Boston Edison, Large C/I Program (large commercial/industrial), Profile #116


Boston Edison’s Large C/I Retrofit program for customers that have an average monthly demand greater than 150 kW is an example of a highly sophisticated, but "conventional" incentive-based DSM program. While its generous direct incentives may soon be a thing of the past, many of its program design elements -- such as market segmentation, financing options, and verification guidelines -- will likely be highly applicable to future programs that will serve both customers’ needs and shareholder profitability in the future.

The Large C/I program exemplifies a refined approach to market segmentation and customer financing options. For instance, a customer can elect one of three program tracks depending on the complexity of his or her retrofit. The program is further subdivided based on whether or not the customer is an institutional or non-institutional customer, since institutional customers tend to have even more restricted access to capital than their private-sector counterparts. Furthermore, while the utility has been increasing the required customer contribution over time -- and BECo plans to require a 100% customer contribution by the year 1998 -- customers have had two basic fundamental options: They can either utilize the program’s 100% financing option and receive smaller incentive rebates, or they can finance the retrofits independently and collect a commensurately larger incentive. In fact, staff consider three important parameters for incentive payments: who pays for audit costs, the timing of payments, and incentive levels. Institutional customers, for example, can finance audit costs. Non-institutional customers, on the other hand, receive incentive payments based on quarterly verification of program savings.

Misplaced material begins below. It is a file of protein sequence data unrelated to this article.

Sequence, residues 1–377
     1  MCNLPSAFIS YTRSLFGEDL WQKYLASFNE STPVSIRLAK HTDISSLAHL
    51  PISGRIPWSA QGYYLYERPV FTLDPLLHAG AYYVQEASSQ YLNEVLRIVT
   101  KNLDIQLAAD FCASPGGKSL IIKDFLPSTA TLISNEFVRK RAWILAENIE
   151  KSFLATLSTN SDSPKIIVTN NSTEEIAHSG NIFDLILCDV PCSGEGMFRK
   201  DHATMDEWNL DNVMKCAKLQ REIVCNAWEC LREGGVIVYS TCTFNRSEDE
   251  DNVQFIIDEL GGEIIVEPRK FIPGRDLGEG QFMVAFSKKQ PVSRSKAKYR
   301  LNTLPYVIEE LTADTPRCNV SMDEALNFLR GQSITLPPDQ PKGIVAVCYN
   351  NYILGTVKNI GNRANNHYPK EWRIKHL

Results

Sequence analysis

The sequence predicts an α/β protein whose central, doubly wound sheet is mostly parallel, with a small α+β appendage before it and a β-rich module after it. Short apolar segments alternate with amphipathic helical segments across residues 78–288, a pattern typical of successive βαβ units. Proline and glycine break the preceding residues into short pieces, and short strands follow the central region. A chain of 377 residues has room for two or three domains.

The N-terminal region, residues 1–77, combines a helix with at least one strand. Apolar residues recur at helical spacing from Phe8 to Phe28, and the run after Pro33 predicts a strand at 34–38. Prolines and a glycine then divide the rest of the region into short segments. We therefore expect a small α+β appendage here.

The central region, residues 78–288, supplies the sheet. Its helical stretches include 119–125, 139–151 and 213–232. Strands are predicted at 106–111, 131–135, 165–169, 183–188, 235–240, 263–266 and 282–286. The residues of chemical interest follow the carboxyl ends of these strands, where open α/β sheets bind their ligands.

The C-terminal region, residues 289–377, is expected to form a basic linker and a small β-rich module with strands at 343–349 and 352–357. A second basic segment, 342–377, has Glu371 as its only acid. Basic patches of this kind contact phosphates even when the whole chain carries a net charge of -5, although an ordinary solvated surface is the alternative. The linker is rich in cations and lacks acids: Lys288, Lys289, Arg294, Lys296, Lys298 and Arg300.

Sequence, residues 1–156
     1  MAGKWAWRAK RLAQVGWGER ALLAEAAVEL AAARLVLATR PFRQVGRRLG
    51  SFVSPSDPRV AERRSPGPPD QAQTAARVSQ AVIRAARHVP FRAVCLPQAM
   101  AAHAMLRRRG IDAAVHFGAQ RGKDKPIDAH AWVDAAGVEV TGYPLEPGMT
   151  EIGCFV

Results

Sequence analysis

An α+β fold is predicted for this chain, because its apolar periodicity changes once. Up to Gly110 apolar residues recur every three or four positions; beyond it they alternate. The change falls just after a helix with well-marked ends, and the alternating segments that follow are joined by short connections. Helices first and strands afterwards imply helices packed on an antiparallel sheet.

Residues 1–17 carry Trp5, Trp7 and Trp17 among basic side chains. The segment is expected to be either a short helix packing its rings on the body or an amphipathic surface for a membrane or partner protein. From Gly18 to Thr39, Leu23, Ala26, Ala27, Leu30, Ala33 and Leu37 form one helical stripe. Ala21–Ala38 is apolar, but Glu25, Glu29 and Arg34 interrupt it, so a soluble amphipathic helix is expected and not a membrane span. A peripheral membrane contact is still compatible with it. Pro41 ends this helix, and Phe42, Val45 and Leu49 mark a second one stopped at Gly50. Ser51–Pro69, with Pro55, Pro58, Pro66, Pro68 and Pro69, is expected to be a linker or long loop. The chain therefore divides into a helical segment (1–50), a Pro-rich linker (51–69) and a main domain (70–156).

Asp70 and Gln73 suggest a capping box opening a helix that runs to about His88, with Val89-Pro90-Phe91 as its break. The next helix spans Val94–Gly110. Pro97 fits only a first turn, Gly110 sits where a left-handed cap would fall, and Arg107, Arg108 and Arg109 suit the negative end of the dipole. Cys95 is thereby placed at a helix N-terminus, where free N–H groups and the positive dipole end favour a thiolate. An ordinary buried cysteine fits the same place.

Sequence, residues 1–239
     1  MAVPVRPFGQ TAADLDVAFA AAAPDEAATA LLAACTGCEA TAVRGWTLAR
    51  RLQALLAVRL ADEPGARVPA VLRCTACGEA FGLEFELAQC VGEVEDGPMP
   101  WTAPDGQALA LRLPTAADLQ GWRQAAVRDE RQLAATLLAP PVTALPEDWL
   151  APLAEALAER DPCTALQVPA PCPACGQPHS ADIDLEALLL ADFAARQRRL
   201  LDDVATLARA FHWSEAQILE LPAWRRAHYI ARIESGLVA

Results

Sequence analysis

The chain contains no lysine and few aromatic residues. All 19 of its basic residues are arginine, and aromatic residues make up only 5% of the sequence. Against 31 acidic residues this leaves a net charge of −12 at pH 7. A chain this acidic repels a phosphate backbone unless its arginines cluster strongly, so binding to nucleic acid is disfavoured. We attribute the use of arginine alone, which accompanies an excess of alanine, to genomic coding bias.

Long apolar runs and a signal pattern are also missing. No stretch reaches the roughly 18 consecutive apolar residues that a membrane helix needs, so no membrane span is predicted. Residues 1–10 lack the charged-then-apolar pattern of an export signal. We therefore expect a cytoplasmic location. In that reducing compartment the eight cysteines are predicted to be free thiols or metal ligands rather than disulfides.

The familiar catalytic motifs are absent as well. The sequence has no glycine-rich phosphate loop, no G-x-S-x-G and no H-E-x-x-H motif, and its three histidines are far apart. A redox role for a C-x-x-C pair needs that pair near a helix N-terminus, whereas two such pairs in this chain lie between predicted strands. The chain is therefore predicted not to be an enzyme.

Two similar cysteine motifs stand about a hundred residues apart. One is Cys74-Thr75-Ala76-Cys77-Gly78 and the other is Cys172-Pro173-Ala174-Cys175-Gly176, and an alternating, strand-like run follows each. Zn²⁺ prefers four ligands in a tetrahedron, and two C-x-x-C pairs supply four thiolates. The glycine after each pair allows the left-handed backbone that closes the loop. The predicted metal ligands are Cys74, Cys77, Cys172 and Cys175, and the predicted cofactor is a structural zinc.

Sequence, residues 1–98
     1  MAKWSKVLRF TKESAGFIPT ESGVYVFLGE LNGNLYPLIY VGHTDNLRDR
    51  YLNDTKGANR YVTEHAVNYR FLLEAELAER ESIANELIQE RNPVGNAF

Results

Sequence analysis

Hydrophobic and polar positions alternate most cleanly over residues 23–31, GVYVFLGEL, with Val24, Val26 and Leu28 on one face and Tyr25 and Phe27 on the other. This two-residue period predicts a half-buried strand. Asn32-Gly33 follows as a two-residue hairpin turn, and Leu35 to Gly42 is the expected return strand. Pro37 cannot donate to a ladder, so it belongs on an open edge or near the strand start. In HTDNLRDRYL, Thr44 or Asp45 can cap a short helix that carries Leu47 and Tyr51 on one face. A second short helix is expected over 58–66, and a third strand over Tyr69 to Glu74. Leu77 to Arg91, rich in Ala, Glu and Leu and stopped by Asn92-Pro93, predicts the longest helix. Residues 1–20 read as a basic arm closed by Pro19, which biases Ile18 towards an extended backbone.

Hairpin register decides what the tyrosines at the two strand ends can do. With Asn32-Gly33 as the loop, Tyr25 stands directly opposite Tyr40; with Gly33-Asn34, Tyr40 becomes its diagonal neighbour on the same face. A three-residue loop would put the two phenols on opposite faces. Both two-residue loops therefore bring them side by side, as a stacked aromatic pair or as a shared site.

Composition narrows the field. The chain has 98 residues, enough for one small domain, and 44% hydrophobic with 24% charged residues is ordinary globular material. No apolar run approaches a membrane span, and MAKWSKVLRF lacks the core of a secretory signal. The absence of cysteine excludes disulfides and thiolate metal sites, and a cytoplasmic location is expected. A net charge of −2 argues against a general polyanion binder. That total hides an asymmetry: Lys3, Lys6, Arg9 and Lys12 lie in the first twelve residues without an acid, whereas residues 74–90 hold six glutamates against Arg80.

The Large C/I program also has had a heavy emphasis on metered savings using BECo’s Verification Guidelines, a protocol for establishing confidence in program savings. BECo, like many utilities, is moving away from engineering estimates of savings and now demands greater accuracy and consistency from savings. (A BECo evaluation of school retrofit savings suggested that the utility expected nearly twice the level of savings than it actually achieved.) Thus BECo has placed a great deal of attention on determining "net savings" using rigorous in-house and external evaluations and "true-ups" in subsequent years. Free ridership, for example, has been backed out of program impacts. Through the true-ups BECo has squarely addressed persistence of installed measures. Furthermore, the utility has maintained a keen interest in programs’ load shape impacts.

Despite the program’s basic transition, it has nevertheless racked up impressive impacts. During 1992 and 1993 alone, the program resulted in annual energy savings of 32 GWh and nearly 8 MW of capacity from a total, two-year expenditure of just $28 million. Lighting accounted for 79% of the savings. The commercial sector contributed nearly 80% of the total savings; within the commercial sector, colleges provided the majority of the savings followed by offices.



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